I went with him when he travelled back after it was all over and took a picture of him in the remains of his house which had been destroyed by the Serbs. It was a very moving experience.” His story also highlights a common misconception about asylum seekers. “Salim had actually been granted relief status so he could have stayed in England but repatriation never gets any coverage. The Right are always saying - why can’t you go back but many of them do.”
Another memorable picture for Davies was of a Rwandan boy called Nayisenge who was attacked in the revenge killings after the genocide. “He’d had his arm sliced off in one blow and he was so shocked he could no longer speak. People say ‘how can you take an image like that?’, but I wouldn’t have taken it without the permission of the family. In fact there was an older brother who didn’t want to be in the picture so he wasn’t in the frame.”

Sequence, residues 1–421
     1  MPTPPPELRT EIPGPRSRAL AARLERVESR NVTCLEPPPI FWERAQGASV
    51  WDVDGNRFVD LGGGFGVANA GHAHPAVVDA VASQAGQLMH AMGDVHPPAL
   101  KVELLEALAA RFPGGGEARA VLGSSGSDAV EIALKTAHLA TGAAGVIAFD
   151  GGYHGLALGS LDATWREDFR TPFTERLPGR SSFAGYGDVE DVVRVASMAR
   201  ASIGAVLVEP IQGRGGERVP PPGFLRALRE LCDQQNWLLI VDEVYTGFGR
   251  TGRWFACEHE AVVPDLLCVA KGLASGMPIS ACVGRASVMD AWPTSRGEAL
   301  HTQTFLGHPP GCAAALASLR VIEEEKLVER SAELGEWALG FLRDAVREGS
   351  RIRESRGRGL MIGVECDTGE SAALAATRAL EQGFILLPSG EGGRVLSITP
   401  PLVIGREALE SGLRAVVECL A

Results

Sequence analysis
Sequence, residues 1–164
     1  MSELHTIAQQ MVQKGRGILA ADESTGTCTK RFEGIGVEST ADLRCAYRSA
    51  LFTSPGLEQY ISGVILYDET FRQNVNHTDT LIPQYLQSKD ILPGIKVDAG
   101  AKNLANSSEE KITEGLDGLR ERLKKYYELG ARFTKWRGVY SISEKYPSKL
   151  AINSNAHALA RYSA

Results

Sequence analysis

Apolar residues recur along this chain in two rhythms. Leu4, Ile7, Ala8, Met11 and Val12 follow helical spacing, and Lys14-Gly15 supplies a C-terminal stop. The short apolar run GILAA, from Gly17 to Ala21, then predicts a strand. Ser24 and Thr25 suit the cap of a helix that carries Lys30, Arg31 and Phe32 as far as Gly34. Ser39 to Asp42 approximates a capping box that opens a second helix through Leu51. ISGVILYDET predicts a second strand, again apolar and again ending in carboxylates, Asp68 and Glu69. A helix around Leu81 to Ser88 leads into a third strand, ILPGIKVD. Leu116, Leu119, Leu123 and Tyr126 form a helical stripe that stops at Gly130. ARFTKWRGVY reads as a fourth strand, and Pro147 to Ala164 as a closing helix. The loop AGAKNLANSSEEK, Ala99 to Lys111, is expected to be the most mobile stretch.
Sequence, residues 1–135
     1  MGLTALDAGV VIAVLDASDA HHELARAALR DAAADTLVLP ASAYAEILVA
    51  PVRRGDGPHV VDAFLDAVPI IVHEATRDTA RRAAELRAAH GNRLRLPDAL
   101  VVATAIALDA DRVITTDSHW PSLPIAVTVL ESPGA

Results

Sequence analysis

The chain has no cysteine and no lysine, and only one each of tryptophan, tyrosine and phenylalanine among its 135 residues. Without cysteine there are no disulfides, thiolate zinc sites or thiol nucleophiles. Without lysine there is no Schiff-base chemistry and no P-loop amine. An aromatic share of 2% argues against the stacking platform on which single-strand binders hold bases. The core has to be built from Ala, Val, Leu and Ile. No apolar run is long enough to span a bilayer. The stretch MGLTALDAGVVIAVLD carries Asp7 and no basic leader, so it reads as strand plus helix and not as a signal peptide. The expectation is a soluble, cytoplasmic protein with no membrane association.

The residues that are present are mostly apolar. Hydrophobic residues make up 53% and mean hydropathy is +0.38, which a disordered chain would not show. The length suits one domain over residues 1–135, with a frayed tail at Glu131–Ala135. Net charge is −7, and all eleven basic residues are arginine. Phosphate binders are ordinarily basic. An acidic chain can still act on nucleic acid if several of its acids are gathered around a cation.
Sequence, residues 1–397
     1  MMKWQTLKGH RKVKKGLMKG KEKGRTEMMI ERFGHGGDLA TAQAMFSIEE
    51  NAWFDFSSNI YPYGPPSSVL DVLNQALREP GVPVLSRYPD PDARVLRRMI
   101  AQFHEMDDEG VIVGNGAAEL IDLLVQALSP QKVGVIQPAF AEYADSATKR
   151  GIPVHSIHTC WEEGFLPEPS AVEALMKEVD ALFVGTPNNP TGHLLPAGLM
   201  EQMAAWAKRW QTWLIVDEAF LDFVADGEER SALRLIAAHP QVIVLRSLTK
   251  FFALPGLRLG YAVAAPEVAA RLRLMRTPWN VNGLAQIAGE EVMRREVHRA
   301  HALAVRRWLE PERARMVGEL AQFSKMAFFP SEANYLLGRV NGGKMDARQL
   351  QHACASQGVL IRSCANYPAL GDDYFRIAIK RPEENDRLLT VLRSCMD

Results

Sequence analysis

Do you feel a certain responsibility to the people’s whose tales you tell? “Well you have to be honest as a journalist and true to yourself. Of course there are times that I have thought that I probably shouldn’t have done something. But none of my pictures are constructed”. He pauses. “Most importantly you have to allow people to have dignity”. ER

Howard Davies will be present at the exhibition on Friday at 6.30pm to talk about his work. The event will be followed by a companion evening of music and poetry readings from Grace Nichols, John Agard and Lou Glandfield in the Chapel.


Howard accompanied Bosnian refugee Salim back to his
bomb-struck village. Copyright H Davies

Hibbert Room, Westgate Chapel
When? Exhibition Fri & Sat, poetry evening Sat 8pm
How Much? Free (Donations Welcome)
(w) Website